Skrill extends free money transfers to Italy in response to coronavirus
Transfer fees and foreign exchange charges are dropped until further notice.
Payment transmitter Skrill announced Thursday that it will drop all fees and foreign exchange charges on money transfers to Italy. This includes withdrawal fees from its digital wallet. The move was announced by Skrill’s CEO Lorenzo Pellegrino, an Italian national.
This move can theoretically save a great deal in transfer fees. While Skrill’s 1.99% transaction fee — capped at $20 — is high but reasonable, the 3.99% currency conversion fee, up to 7.99% withdrawal fee, 5% ACH fee and 2.99% credit card fee can add up to a heavy haul for each transaction. Skrill, however, has no transaction limits, making it easy to send large sums of funds overseas quickly.
Recipients do not need a Skrill account to receive funds. All they need is a valid form of identification. Funds can also be routed to bank accounts and mobile wallets.
Following the onset of COVID-19 — the disease at the heart of the current pandemic — Italy’s economy has cratered. In order to stem the runaway contagion in the country, almost all businesses have been shut down. All shops except for food and drug stores have been shuttered. All tourism spots have been closed. All mortgage payments are suspended. Italian citizens have been asked to exercise voluntary social isolation and stay home in order to help control the spread of the syndrome.
“I am utterly heartbroken to see this situation unfold in my home country. By removing all fees and foreign exchange markups, people who are sending money to loved ones in Italy from outside of the country will see more of their funds going to the right place,” Pellegrino said in an announcement online.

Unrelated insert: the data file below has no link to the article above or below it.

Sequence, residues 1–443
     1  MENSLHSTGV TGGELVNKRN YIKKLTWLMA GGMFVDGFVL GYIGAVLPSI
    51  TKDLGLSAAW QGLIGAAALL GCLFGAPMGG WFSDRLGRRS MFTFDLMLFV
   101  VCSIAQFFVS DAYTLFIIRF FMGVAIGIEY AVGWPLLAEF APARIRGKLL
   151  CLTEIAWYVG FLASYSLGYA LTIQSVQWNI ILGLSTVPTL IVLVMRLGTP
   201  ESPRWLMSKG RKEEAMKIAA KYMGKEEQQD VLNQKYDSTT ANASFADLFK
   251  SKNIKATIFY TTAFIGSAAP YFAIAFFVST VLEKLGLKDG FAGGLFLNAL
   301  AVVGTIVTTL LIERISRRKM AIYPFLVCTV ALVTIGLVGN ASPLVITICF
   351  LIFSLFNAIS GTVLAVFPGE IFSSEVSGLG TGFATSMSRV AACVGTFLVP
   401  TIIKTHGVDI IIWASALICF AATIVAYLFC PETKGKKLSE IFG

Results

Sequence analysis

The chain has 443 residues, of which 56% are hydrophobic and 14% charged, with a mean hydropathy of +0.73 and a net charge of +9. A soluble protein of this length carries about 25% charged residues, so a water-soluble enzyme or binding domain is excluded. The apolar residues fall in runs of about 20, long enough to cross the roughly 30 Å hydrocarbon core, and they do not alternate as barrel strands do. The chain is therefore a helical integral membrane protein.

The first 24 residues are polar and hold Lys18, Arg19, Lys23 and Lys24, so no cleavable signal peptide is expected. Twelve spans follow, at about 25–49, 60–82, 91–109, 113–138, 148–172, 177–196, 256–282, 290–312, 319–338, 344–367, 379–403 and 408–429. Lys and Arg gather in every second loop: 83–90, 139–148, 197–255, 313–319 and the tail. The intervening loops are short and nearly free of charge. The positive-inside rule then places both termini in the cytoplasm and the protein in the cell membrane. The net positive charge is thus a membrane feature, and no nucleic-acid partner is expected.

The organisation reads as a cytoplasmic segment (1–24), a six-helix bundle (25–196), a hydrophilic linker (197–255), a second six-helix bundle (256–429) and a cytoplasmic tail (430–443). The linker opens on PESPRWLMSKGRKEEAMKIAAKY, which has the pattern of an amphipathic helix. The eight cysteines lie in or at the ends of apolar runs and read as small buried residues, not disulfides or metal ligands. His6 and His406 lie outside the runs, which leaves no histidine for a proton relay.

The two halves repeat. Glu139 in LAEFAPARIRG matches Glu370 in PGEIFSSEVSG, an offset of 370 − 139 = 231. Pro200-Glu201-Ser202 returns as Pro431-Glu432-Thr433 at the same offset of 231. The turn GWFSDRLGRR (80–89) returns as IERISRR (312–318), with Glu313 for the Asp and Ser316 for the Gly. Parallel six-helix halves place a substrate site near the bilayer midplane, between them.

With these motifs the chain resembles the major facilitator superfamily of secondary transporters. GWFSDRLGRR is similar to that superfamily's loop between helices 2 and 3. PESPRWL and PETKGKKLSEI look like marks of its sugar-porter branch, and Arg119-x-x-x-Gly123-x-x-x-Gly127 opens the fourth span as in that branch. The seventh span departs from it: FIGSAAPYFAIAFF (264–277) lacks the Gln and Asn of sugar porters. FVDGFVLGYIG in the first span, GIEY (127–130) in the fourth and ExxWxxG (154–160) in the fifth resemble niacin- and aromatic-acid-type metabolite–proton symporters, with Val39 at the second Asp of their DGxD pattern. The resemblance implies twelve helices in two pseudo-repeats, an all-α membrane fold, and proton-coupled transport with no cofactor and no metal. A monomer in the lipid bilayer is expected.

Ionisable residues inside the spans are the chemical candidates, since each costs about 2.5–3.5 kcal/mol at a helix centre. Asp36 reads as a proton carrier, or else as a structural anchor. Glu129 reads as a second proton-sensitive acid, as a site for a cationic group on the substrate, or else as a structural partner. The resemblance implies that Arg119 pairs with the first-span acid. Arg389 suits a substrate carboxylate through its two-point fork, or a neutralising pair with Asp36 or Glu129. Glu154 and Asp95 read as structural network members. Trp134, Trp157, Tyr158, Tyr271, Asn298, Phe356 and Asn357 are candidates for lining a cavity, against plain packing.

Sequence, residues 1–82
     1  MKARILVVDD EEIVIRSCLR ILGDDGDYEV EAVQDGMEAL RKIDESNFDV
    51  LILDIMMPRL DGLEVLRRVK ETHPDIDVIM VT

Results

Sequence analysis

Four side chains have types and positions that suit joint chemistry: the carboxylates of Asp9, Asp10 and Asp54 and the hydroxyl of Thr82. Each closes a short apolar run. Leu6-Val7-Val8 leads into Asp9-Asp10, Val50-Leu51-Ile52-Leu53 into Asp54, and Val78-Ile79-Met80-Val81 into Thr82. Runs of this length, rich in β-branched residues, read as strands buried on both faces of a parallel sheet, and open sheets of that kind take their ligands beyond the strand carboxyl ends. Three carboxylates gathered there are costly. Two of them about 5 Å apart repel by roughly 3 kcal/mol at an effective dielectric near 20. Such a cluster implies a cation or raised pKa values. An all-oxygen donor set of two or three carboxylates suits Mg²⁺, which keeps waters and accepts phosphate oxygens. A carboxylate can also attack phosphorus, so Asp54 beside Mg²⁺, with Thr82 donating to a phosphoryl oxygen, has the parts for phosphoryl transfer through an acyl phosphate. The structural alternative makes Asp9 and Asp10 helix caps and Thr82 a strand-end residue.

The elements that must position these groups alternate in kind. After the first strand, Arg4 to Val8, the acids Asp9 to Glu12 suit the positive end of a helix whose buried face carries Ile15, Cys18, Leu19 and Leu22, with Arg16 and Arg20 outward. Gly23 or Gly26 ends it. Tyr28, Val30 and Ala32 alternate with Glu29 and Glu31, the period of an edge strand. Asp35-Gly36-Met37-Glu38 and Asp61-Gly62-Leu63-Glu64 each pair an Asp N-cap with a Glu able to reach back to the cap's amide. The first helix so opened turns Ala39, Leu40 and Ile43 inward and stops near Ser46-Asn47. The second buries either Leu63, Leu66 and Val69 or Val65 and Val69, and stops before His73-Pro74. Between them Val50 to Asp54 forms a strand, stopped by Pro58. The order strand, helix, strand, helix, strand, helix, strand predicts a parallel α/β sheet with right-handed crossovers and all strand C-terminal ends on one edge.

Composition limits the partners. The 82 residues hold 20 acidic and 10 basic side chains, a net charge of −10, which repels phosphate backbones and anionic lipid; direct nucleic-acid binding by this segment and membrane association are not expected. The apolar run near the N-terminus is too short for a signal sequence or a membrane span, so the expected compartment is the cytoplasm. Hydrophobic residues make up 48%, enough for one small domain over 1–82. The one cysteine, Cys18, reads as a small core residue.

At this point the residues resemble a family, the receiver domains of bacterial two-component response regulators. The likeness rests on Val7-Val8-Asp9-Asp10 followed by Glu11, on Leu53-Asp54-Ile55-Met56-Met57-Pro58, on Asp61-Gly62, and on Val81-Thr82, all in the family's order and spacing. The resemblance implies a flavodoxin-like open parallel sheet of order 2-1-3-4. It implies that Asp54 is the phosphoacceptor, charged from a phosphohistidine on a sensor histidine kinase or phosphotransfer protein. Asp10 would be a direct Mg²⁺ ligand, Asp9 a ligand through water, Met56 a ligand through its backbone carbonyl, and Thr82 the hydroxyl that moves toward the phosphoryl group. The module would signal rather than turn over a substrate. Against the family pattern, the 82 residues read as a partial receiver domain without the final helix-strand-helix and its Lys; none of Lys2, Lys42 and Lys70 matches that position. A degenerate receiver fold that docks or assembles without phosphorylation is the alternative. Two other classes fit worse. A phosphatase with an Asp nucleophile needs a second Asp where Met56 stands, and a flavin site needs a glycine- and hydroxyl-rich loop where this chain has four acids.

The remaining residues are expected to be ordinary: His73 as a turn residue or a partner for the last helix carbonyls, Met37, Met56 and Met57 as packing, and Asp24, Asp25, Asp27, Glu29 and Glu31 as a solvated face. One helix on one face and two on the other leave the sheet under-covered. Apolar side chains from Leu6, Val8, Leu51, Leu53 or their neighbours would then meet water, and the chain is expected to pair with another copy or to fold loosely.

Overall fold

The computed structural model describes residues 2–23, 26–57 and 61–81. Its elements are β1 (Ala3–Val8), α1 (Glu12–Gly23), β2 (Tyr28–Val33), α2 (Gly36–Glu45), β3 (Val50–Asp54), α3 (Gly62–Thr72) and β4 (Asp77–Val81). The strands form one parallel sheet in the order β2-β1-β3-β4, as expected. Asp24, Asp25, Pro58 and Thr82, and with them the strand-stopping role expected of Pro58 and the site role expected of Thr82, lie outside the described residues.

The push to socially isolate can be devastating. While some professionals and those in the creative sphere can theoretically work at home, many — especially those working in the service industry — will lose their ability to work if they are asked to stay home. Industries like tourism, public transportation, entertainment and aviation have seen extreme slowdowns following the social isolation push, leading to unpaid furloughs and work stoppages.
In Italy, the social isolation is being mandated by police order. Individuals found on the streets without a police permit or without clearly doing business are subject to fines or several months’ imprisonment.
“The situation started to feel a lot more tense,” Natalie Kennedy, a travel blogger from San Diego who lives in Rome, told NBC News. “People are starting to limit their travel outside of their homes. We’re staying home a lot more.”